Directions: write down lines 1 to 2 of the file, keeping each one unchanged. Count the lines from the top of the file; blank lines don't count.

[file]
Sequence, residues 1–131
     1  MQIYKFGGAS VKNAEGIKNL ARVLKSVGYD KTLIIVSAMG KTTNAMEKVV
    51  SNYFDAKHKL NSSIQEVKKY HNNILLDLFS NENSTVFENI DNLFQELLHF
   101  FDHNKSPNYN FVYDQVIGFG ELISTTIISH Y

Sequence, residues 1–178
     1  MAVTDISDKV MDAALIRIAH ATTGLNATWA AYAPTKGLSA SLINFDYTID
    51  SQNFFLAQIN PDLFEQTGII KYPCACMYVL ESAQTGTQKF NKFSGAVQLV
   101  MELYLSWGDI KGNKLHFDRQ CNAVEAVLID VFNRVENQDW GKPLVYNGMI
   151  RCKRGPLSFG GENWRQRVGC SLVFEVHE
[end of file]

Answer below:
Sequence, residues 1–131
     1  MQIYKFGGAS VKNAEGIKNL ARVLKSVGYD KTLIIVSAMG KTTNAMEKVV